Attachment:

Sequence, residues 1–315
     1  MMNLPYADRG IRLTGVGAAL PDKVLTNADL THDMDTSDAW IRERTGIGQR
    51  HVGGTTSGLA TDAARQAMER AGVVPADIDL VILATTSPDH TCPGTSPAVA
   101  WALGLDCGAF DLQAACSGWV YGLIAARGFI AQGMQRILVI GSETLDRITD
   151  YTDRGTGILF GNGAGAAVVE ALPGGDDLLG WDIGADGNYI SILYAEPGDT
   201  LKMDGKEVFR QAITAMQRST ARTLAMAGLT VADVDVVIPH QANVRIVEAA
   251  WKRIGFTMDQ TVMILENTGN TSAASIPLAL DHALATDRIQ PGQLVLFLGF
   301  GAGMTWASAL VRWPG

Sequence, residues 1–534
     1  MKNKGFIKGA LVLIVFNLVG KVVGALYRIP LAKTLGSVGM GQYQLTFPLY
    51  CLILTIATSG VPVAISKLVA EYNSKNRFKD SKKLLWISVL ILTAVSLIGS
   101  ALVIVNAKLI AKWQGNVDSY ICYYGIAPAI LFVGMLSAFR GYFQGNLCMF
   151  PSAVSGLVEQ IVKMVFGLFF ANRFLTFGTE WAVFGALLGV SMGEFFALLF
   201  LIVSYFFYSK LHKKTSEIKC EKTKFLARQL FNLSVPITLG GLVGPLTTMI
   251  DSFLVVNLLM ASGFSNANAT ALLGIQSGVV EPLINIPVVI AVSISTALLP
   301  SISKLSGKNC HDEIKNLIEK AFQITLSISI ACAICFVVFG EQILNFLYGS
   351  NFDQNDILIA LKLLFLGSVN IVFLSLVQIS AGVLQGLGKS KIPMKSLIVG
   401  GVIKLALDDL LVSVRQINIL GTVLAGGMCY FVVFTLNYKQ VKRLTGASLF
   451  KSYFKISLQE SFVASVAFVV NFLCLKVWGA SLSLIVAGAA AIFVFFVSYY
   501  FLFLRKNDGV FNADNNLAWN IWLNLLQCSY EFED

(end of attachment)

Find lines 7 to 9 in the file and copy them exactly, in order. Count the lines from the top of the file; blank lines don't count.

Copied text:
   251  WKRIGFTMDQ TVMILENTGN TSAASIPLAL DHALATDRIQ PGQLVLFLGF
   301  GAGMTWASAL VRWPG

Sequence, residues 1–534